This is clearly all rather weird and philosophical, at least compared to what scientists normally consider scientific.  One might think, therefore, that Bohr’s ideas could have had little or no impact on the actual scientific theory of quantum mechanics.  This, however, is definitely not the case.  Bohr’s ideas were tremendously influential in the development of the theory, and continue to be taught – in all the textbooks and in the overwhelming majority of classrooms – as an essential, ineliminable part of the formal textbook theory.

Indeed, Bohr’s paradox-embracing philosophy has an exact counterpart in the theory’s mathematics.  It describes electrons as waves that obey Schrödinger’s wave equation.  So far so good.  But this part of the dynamics only applies when nobody is looking.  When somebody looks (i.e., when a “measurement” of the electron is made) it suddenly (one is tempted to say, magically) becomes a particle – a process governed, not by Schrödinger's equation, but by a different, incompatible bit of mathematics.  According to the Copenhagen theory, the fundamental laws of nature governing electrons are thus deeply dependent on the human-centered concept of “measurement.”

Bohr's colleague Pascual Jordan expressed the implications of the Copenhagen theory this way:  “We compel [the electron] to assume a definite position; previously it was, in general, neither here nor there; it had not yet made its decision for a definite position.  …we ourselves produce the results of measurement.”[2]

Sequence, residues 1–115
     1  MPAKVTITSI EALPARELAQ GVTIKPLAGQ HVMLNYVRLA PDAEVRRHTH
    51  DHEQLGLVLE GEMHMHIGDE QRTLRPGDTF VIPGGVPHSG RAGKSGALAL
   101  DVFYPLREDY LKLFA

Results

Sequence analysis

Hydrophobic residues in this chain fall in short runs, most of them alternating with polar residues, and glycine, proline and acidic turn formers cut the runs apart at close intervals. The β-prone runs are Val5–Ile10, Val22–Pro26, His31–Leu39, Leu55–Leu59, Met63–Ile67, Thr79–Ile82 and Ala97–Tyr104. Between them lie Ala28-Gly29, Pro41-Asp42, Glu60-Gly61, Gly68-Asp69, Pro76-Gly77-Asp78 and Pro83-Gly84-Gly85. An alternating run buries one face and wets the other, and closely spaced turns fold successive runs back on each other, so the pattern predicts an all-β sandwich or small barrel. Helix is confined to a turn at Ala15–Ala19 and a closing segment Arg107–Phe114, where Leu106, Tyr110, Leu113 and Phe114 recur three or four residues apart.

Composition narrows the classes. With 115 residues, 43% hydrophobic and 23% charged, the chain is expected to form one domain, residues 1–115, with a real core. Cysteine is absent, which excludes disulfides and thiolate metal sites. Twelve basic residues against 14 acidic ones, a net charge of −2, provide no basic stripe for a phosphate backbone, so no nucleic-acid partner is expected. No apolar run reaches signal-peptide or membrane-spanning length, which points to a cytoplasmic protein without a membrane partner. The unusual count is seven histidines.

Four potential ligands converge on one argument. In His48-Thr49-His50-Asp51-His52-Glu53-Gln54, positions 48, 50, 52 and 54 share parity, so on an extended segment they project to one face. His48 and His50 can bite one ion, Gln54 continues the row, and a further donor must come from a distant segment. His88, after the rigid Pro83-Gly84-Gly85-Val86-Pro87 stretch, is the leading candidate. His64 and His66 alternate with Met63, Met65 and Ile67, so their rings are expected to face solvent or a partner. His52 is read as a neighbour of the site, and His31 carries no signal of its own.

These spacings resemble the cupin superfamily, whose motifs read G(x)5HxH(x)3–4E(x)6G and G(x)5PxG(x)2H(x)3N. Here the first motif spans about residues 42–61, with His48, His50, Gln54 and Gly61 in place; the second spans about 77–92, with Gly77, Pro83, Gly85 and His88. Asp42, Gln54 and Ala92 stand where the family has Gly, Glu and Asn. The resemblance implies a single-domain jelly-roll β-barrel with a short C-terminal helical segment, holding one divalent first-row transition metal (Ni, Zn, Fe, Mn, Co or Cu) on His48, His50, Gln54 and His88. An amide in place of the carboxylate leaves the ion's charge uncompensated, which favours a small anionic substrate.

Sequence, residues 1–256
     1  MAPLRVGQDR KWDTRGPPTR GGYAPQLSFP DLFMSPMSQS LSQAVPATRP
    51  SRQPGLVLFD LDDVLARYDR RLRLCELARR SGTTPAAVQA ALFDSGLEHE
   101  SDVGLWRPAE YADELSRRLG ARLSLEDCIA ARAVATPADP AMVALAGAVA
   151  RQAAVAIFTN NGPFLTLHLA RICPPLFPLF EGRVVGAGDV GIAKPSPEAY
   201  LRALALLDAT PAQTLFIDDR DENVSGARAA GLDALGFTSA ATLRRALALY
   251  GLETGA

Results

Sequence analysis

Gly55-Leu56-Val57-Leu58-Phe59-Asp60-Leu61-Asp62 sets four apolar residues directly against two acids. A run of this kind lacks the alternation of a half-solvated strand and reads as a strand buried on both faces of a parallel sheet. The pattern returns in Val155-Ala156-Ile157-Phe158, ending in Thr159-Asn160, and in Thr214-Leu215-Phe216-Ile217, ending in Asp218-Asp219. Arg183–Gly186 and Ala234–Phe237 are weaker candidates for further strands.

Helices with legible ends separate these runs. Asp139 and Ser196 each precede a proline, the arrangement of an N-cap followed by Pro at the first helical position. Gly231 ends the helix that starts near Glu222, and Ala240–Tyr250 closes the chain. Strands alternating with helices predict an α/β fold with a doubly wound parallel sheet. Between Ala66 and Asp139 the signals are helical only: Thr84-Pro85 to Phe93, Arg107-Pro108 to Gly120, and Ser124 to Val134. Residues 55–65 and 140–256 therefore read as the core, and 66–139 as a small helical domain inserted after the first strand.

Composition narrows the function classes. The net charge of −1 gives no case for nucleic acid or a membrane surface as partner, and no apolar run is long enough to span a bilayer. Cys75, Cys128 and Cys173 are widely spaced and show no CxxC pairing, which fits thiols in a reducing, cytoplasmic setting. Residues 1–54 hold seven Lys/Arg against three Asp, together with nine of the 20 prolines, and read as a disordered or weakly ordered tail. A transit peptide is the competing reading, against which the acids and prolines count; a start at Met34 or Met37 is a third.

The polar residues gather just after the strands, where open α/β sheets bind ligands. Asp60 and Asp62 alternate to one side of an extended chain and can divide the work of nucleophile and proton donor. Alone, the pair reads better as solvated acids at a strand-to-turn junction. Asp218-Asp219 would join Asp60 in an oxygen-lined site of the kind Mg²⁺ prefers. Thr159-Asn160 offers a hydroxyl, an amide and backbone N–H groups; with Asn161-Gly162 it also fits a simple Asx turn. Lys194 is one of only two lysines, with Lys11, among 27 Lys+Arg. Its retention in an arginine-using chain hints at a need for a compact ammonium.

Heisenberg explains that “we can no longer speak of the behavior of the particle independently of the process of observation.  As a final consequence, the natural laws formulated mathematically in quantum theory no longer deal with the elementary particles themselves but with our knowledge of them.  Nor is it any longer possible to ask whether or not these particles exist in space and time objectively.”  He concludes that “science no longer confronts nature as an objective observer, but sees itself as an actor in this interplay between man and nature.”[3]

Bohr advocates complete surrender: “There is no quantum world... It is wrong to think that the task of physics is to find out how Nature is.  Physics concerns what we can say about Nature.”[4]

I think that on some level, most physicists recognize the irrational and unscientific character of these sorts of statements – but also that they are reasonable extrapolations from the Copenhagen theory.  This is probably why physicists have developed a kind of pragmatic, anti-philosophical attitude, and why they deliberately suppress discussion of the more philosophical aspects of the Copenhagen quantum theory.  This attitude is best expressed in the popular slogan “Shut up and calculate,” often wielded against students wishing to steer discussion toward these interesting (if disturbing) implications.

But if the textbook theory really has these crazy implications, isn’t it rather pathetic to just ignore and suppress them while maintaining allegiance to the fundamental ideas at their root?  Unscientific views should be openly identified, challenged, and rejected – even if they have, somehow, become scientific orthodoxy.  Why haven't physicists been willing to critically analyze (and then reject) the Copenhagen philosophy?